Active: Homosalate 5%, Octinoxate 6.5%, Oxybenzone 1.2%. Inactive: Water, Cyclopentasiloxane, Butylene Glycol, Glycerin, PEG-9 Polydimjethylsiloxyethyl Dimethicone, Niacinamide, Mica, PEG-9 Dimethicone, Magnesium Sulfate, Ascorbyl Glucoside, Silybum Marianum Fruit Extract, Tocopheryl Acetate, Salix Nigra (Willow) Bark Extract, Salicylic Acid, Adenosine, Dimethicone/PEG-10/15 Crosspolymer, Disodium Stearoyl Glutamate, Xanthan Gum, Dipropylene Glycol, Disodium EDTA, Cyclohexasiloxane, Sodium Citrate, Tocopherol, Sorbic Acid, Sodium Benzoate, Benzyl Alcohol, Aluminum Hydroxide, Titanium Dioxide, Iron Oxides.
The last few years haven't been glamorous for one of the world's largest direct sellers of cosmetics. Mary Kay lost a lawsuit filed by TriStrata, the company whose founders hold over 100 patents on the use of AHAs in skin-care products. It was revealed that Mary Kay's former AHA products infringed on three of these patents, and, after some back-and-forths in court, Mary Kay ended up paying royalties of over $40 million (interest included) to TriStrata. Perhaps because they're still licking their wounds after this defeat, the company has not launched any new AHA products, and no longer sells the ones that were in question during the legal battle (Source: www.bizjournals.com/dallas/stories/2006/04/03/daily26.html).
However, the company's spin on the issue of AHAs is that they no longer use them because skin-care technology has advanced. That's an interesting twist, but the fact of the matter is that AHA products, when well-formulated, are still considered advanced and capable of doing far more for skin than the alternatives Mary Kay has devised (including an at-home microdermabrasion scrub and products with vitamin C derivatives).
Although they're not a company for you if you are looking for exfoliants (though you should be looking for a good exfoliant), Mary Kay has recently developed a surprising number of excellent products. With over 1.6 million Mary Kay consultants selling products in 30 countries, this family-owned company (founder Mary Kay Ash passed away in 2001) has slowly been proving that they intend to remain competitive with the best of the best. A refreshing change of pace is the omission of fragrance from almost all of the products. Now that is what we call progress!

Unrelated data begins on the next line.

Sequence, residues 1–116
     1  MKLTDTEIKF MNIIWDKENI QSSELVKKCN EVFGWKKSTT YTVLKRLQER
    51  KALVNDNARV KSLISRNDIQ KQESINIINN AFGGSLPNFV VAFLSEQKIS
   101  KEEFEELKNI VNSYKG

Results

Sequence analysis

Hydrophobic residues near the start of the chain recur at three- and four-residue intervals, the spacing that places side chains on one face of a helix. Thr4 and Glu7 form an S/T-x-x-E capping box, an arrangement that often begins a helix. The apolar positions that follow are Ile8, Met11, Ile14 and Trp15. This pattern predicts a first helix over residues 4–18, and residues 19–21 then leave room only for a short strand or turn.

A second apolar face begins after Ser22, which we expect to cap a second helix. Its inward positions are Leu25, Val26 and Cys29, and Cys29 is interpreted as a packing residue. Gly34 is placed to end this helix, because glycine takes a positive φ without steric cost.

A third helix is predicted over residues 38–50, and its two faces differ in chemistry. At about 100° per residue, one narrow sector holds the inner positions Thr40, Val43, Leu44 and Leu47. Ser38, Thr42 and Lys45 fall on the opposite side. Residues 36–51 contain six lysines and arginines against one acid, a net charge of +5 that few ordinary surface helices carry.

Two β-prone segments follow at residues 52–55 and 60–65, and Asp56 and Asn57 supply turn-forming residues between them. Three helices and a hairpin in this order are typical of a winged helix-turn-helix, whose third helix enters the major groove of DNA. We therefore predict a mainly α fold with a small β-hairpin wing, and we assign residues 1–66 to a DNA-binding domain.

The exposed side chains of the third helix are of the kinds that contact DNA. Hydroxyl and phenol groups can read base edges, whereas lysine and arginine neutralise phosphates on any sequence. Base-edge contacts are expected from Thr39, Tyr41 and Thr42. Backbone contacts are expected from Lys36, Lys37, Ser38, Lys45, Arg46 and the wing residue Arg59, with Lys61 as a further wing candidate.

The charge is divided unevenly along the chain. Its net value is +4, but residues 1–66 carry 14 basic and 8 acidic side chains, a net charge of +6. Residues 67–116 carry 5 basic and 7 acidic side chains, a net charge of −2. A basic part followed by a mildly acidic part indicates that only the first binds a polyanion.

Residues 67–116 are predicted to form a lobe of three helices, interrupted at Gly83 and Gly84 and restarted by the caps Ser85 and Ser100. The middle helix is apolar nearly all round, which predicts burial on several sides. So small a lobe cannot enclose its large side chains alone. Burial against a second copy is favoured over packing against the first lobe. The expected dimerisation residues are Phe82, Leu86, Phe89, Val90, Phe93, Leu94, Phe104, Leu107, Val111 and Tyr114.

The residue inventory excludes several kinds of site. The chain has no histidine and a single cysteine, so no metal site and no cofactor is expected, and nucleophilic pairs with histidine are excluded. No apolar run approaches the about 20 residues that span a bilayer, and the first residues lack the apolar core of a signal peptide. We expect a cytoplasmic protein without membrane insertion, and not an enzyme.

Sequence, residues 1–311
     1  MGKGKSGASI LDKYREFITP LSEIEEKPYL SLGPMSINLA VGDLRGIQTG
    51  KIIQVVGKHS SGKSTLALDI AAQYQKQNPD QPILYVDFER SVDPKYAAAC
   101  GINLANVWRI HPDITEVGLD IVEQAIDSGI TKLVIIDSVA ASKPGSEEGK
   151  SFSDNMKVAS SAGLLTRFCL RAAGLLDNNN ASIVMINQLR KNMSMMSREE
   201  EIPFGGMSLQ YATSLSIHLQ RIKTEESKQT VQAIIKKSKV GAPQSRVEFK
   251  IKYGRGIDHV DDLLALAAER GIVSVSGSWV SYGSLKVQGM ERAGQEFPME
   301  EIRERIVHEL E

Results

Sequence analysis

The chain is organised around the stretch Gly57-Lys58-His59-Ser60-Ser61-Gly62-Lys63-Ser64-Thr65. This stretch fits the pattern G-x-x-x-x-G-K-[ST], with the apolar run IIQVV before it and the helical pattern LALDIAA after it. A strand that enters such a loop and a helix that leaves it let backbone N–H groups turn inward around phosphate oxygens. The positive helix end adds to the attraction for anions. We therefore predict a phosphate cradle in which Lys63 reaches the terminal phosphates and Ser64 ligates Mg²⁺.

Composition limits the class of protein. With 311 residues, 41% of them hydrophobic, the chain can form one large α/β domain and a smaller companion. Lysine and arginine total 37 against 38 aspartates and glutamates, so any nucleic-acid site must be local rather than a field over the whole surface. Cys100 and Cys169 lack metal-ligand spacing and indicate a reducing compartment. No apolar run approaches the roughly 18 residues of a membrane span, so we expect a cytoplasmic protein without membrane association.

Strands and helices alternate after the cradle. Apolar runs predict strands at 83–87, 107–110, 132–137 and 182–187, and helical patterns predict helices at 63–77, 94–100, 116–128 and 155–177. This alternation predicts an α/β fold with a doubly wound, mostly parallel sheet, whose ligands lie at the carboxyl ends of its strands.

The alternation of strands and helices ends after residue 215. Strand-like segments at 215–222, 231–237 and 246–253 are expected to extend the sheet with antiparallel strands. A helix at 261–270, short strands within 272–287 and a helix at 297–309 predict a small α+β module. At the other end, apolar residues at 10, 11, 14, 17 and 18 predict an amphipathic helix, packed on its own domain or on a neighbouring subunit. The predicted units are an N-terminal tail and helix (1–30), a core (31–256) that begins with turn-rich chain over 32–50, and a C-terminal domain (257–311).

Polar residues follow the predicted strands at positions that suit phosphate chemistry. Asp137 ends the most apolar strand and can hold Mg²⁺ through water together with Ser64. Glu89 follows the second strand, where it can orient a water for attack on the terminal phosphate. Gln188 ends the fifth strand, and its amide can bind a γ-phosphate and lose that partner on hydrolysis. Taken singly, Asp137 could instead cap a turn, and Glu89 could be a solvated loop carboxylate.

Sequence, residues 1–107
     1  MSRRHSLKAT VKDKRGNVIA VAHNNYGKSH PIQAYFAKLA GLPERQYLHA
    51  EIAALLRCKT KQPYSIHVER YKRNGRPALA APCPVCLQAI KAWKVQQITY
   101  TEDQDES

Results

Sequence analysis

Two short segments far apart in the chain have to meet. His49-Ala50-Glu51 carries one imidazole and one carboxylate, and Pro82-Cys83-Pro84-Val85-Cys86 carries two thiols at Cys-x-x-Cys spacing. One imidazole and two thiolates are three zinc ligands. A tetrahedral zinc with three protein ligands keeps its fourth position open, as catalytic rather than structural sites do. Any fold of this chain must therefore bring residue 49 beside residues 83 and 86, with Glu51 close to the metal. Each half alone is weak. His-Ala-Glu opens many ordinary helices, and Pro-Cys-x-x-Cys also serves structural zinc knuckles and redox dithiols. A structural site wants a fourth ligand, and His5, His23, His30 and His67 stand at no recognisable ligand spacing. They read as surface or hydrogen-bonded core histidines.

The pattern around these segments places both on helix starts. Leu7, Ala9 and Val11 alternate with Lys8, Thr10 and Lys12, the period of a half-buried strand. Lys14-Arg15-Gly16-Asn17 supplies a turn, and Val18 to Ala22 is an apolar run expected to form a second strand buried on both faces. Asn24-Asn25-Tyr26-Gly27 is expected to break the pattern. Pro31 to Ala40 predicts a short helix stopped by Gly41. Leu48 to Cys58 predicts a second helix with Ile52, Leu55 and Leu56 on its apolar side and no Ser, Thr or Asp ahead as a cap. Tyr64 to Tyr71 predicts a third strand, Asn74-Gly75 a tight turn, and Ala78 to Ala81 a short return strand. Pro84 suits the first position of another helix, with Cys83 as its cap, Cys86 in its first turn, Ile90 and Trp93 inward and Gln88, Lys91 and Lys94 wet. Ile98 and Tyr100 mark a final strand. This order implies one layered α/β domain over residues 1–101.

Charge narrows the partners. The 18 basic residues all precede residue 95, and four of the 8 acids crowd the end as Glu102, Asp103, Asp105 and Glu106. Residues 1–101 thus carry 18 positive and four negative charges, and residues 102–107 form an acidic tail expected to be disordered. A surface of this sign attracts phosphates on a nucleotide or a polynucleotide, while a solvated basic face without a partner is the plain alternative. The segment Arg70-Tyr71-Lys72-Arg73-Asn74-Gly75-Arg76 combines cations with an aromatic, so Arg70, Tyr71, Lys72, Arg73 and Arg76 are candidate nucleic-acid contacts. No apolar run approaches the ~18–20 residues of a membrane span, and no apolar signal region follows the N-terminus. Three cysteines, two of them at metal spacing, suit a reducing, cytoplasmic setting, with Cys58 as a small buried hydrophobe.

Despite its size and capital (wholesale figures were $3 billion in 2012), Mary Kay still has a lot to learn. For instance, although their guiding philosophy of empowering women is admirable, the assortment of products still leaves much to be desired. Yes, things are looking up, but there are several weak spots that keep Mary Kay from being in the same league as Avon, Estee Lauder, Procter & Gamble (Olay), and Johnson & Johnson (Neutrogena, Aveeno, RoC). These include outdated cleansers, toners, and moisturizers, along with letdowns in products designed for oily, blemish-prone skin. The TimeWise product range has expanded considerably, and offers a few state-of-the-art products worthy of its name (although, as with all skin-care products, they're not going to turn back the hands of time and erase all signs of aging).
If improvements like those in Mary Kay's latest products were translated to the entire line, it would be standing much taller, at least as far as what current, substantiated skin-care research indicates is optimum for creating and maintaining healthy skin. As is, this is a line to approach with a keen understanding of what to focus on and what to avoid. One last bit of good news: Mary Kay offers well-packaged samples of selected products, either directly or from your consultant.
Unless mentioned otherwise, all Mary Kay products are fragrance-free.
Note: Mary Kay is categorized as a brand that tests on animals because their products are sold in China. Although Mary Kay does not conduct animal testing for their products sold elsewhere, the Chinese government requires imported cosmetics be tested on animals, so foreign companies retailing there must comply. This requirement is why some brand’s state that they don’t test on animals “unless required by law”. Animal rights organizations consider cosmetic companies retailed in China to be brands that test on animals, and so does the Paula’s Choice Research Team.
For more information about Mary Kay, call (800) 627-9529 or visit www.marykay.com.